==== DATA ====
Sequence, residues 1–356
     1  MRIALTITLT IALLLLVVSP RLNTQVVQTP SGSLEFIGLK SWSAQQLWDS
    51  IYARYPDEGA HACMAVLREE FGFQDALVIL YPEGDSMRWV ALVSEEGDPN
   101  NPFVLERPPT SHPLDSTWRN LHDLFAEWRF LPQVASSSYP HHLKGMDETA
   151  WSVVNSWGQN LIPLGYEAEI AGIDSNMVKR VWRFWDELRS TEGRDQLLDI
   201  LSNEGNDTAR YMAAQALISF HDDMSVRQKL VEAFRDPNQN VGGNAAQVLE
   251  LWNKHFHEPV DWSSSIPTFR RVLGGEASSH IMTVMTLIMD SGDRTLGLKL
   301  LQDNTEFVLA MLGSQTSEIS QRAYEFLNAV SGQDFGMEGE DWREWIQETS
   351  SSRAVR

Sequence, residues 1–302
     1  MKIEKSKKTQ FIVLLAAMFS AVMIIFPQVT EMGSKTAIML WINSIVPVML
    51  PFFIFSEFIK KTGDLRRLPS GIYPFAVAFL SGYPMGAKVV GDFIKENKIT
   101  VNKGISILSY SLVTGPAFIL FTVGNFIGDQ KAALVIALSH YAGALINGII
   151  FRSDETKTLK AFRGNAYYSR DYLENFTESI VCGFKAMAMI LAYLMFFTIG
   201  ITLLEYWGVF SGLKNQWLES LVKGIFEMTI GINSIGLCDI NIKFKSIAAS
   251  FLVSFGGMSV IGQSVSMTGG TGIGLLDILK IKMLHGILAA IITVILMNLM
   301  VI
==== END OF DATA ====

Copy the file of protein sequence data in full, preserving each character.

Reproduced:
Sequence, residues 1–356
     1  MRIALTITLT IALLLLVVSP RLNTQVVQTP SGSLEFIGLK SWSAQQLWDS
    51  IYARYPDEGA HACMAVLREE FGFQDALVIL YPEGDSMRWV ALVSEEGDPN
   101  NPFVLERPPT SHPLDSTWRN LHDLFAEWRF LPQVASSSYP HHLKGMDETA
   151  WSVVNSWGQN LIPLGYEAEI AGIDSNMVKR VWRFWDELRS TEGRDQLLDI
   201  LSNEGNDTAR YMAAQALISF HDDMSVRQKL VEAFRDPNQN VGGNAAQVLE
   251  LWNKHFHEPV DWSSSIPTFR RVLGGEASSH IMTVMTLIMD SGDRTLGLKL
   301  LQDNTEFVLA MLGSQTSEIS QRAYEFLNAV SGQDFGMEGE DWREWIQETS
   351  SSRAVR

Sequence, residues 1–302
     1  MKIEKSKKTQ FIVLLAAMFS AVMIIFPQVT EMGSKTAIML WINSIVPVML
    51  PFFIFSEFIK KTGDLRRLPS GIYPFAVAFL SGYPMGAKVV GDFIKENKIT
   101  VNKGISILSY SLVTGPAFIL FTVGNFIGDQ KAALVIALSH YAGALINGII
   151  FRSDETKTLK AFRGNAYYSR DYLENFTESI VCGFKAMAMI LAYLMFFTIG
   201  ITLLEYWGVF SGLKNQWLES LVKGIFEMTI GINSIGLCDI NIKFKSIAAS
   251  FLVSFGGMSV IGQSVSMTGG TGIGLLDILK IKMLHGILAA IITVILMNLM
   301  VI